Three Days in Paris | The Best Eating, Shopping & Sights

Three Days in Paris | The Best Eating, Shopping & Sights

So I’ve been back from Paris for a week now and I still can’t stop thinking about the dreamy three days I spent there with my friend Maisie. This was probably the least ‘touristy’ holiday I’ve ever had and I felt like I experienced local life as much as was possible in three days. We spent most of our time eating, shopping and going to different exhibitions and found so many gems, so I thought I’d share what we got up to here, ranking the things we did categorically! I’m not going to talk about where we stayed because, honestly, that was probably the worst part of the trip. We stayed in an apartment just outside of Montmartre, the location was fine but not as central to Montmartre as we would have liked, that had no real bed (we slept in a mattress on the floor) and a fridge that either made a loud buzzing noise or leaked. Our accommodation by no means ruined our experience though as we spent barely any time there. So anyway onto the recommendations! Oh and just a heads up, I’m vegan so all the places we ate at are either vegan or vegan friendly.


     1.Shakespeare & Co

This shopping recommendation is the only one that isn’t fashion-based but it has to be my number one because I loved everything about this bookshop. It’s been a dream of mine to go here for some time as an avid book-lover and it did not disappoint. The location right next to the Seine is dreamy, with second-hand books for sale outside and the interiors are even better- they even have a resident cat! They stamp any books you buy with a ‘Shakespeare & Co’ stamp which was such a nice touch and they also had really beautiful copies of all the books you could conjure up. If you’re a reader, or even if you’re not, you have to go here.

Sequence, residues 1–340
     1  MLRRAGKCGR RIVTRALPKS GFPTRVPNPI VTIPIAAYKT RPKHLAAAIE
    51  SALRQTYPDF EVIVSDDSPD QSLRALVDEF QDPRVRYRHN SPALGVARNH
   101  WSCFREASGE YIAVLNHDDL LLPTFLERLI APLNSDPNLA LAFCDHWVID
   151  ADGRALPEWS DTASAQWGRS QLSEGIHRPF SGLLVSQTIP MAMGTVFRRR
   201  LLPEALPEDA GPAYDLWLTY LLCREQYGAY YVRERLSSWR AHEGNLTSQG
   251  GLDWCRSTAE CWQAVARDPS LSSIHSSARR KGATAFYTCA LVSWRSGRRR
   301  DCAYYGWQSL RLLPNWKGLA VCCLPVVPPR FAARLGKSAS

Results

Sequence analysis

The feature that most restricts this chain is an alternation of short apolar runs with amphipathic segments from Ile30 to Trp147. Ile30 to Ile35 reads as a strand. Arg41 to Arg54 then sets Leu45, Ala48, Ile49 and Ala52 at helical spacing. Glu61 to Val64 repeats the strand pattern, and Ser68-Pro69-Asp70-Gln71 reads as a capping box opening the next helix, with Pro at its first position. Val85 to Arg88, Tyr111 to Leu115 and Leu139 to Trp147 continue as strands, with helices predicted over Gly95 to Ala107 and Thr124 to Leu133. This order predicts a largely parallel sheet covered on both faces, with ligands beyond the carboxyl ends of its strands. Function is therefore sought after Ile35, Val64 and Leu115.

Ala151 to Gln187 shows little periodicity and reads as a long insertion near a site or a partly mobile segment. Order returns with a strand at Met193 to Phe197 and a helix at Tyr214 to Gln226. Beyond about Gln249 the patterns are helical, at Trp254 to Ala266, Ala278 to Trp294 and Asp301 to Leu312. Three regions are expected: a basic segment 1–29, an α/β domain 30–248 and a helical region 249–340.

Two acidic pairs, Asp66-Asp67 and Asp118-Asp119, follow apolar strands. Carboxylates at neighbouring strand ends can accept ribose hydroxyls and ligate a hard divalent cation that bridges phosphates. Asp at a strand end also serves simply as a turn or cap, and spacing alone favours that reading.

2. Killiwatch 

I found Killiwatch on the premise that it was a vintage clothing store but it’s even better. Not only does it have an amazing, curated selection of vintage clothing but it also stocks clothing by independent Parisian designers. When I visited there was construction work going on inside the store which, I must admit, tarnished the experience a little bit. But not so much as it’s still sat at number 2 on my list purely because the amount and the quality of the clothing in there. I ended up picking a vintage scarf that I’m using as a hair scarf and a jacket by an independent brand, Tinsels, that is 100% linen & cotton- what a dream. If you follow me on Instagram you’ve probably already seen them but if not I’ve posted a photo of them here.

3. The Frankie Shop

Number three on my list was a close competitor with Killiwatch but I’ve decided to rank it lower because of the price points of The Frankie Shop, which I couldn’t really afford. The Frankie Shop stocks designer clothes plus some of it’s own-brand clothing and 100% of the pieces in there are beautiful. The prices are reasonable (eg. around the €130 mark for a good quality jumper) but were out of my price range on this trip. However I did end up picking up a perfume which has such a unique smell to it for only €35 which was a bit of a bargain. If you have money to spend on good quality, beautifully designed clothes then definitely head to the Frankie Shop but, if not, it’s still worth visiting as it’s a beautiful store.

4. Merci

Merci really does have it all. I would probably design it as a concept store but it has everything from furniture, to clothing to a half cafe/half vintage bookstore. I didn’t buy anything here but it was a lot of fun to walk around and we did sit outside to have one of their homemade lemonades as well.

5. Sézane

Sezane is a French brand that sells clothes for the Parisian woman and everyone who aspires to be like her. The clothing is beautiful, classic and it’s all made sustainably. The Sézane Apartment in Paris is seriously beautifully designed and, with citrus infused water available as you walk in, it’s definitely an enjoyable and relaxed shopping experience. I didn’t buy anything, not because of lack of want but lack of money, but, as they’ve opened their first UK store in London, I definitely hope to in the future. The only think I didn’t enjoy about this shopping experience is the fact that I did think the staff there were a little bit contemptuous, but maybe this was just a bad experience on my behalf.